This is a review of "Talking Sense Blues" recorded by The Passing Fancy. The review was written by Jessica Thornsby in 2009.

'Talking Sense Blues,' the debut single from Wakefield's 'The Passing Fancy' is folkish indie with infectious percussion and hand-clapping sound effects. If that knee-jiggling beat is 'Talking Sense Blues's greatest strength, then the straightforward, everyman lyrics are a close second. The chorus of "and I'm sorry, don't know what else to do / I just don't wanna hang around with you no more" is refreshingly unpretentious, and frontman's Paul Bateson's straight-talking delivery makes for quirky and comical listening.

'Talking Sense Blues' is goodtimes, harmonica-coated folk music with charming lyrics, and it just may see The Passing Fancy worm their way into the affections of those who wouldn't normally listen to folk.

Like 'Talking Sense Blues,' B-side 'Suburban Lovesick Blues' gets that all-important base beat spot-on, with a simple, twitchy acoustic guitar providing rock-solid foundations. Also like the A-side, 'Suburban Lovesick Blues's lyrics are likeably to-the-point, an ethos that compliments the song's no-frills folk sound. Bursts of harmonica and a gradual, mid-verse swell of a secondary acoustic guitar, provides the only bit of variation necessary.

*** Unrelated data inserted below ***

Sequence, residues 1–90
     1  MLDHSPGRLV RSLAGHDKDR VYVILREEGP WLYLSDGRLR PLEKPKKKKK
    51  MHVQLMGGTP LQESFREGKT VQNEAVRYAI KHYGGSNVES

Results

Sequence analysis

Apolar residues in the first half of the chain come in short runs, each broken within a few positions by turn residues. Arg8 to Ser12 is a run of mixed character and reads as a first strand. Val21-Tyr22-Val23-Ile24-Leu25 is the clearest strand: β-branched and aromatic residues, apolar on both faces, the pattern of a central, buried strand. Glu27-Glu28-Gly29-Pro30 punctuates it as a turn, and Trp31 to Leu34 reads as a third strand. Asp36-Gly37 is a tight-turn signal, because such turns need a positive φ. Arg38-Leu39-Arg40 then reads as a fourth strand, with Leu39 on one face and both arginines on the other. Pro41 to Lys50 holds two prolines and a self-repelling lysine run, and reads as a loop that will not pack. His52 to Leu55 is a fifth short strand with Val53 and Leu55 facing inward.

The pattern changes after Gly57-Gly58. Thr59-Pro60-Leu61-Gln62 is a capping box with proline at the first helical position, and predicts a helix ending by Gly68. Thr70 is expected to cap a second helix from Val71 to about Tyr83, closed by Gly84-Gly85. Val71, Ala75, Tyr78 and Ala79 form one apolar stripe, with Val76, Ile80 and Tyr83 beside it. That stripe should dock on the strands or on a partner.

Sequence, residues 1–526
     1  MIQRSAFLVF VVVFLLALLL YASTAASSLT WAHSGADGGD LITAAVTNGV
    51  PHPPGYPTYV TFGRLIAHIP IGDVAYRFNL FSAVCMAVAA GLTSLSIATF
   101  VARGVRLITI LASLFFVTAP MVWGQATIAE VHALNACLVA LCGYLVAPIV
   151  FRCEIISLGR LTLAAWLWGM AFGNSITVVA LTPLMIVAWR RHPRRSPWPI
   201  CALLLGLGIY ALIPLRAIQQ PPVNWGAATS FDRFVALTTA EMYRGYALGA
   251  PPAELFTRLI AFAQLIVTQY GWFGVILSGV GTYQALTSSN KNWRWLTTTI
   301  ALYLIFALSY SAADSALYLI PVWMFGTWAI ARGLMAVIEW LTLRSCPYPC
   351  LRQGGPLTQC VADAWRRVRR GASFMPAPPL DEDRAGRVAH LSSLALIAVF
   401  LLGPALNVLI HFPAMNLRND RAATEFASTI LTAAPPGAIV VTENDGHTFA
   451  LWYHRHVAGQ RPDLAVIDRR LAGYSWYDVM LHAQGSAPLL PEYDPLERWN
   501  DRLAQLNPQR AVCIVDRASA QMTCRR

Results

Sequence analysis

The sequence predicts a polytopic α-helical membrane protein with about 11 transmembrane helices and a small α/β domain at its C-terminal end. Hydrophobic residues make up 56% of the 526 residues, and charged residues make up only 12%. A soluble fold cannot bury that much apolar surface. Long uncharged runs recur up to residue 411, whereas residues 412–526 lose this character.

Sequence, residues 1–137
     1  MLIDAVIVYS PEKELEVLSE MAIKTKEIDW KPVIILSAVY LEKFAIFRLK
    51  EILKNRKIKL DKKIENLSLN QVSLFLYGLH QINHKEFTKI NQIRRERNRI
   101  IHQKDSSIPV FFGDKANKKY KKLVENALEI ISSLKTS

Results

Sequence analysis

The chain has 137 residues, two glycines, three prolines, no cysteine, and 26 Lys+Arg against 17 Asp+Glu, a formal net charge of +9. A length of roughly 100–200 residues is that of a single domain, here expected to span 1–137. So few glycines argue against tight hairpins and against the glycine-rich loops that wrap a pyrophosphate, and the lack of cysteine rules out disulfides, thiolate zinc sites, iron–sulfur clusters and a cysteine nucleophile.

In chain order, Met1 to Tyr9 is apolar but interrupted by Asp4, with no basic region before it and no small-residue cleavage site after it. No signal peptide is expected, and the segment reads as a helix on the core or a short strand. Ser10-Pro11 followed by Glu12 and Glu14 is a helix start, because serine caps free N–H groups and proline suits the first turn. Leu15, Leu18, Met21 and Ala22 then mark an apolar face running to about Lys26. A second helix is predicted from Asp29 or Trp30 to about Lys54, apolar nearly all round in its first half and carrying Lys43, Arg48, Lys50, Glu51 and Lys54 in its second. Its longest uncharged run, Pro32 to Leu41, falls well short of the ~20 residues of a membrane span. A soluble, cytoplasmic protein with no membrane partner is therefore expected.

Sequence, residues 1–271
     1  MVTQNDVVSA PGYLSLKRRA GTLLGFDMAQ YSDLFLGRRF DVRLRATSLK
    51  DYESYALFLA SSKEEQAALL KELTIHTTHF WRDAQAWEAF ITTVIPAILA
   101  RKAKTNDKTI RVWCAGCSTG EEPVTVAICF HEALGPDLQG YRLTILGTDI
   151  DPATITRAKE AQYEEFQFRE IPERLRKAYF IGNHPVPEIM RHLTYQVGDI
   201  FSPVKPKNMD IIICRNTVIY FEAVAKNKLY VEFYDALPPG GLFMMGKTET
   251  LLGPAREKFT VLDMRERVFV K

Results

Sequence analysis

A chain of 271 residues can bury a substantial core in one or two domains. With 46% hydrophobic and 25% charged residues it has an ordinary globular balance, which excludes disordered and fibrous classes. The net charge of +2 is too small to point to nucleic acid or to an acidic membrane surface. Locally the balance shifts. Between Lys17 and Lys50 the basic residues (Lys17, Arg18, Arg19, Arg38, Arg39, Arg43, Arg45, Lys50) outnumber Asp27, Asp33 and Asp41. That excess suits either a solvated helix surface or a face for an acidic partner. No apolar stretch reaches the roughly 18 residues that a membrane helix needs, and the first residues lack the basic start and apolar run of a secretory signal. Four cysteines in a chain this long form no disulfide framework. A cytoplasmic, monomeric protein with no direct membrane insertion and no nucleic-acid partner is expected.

Bonus live track 'Rambler Gambler, is a twinkly acoustic ballad that meanders prettily along for the first half, before the introduction of snappy, hand-clapping beats sees The Passing Fancy pick up the pace. Frontman Bateson's vocals are impressive to say this is a live recording. In fact, if it wasn't for a less-than-polished edge to the harmonica, you probably wouldn't guess this was a live recording at all. 'Rambler Gambler' bodes well for The Passing Fancy as a live proposition.

The Passing Fancy's debut single offers up three tracks of charismatic, low-key indie-folk. It's far from earth-shattering, but just how unshowy it is, is actually pretty refreshing, and makes it the perfect accompaniment to a quiet summer's afternoon.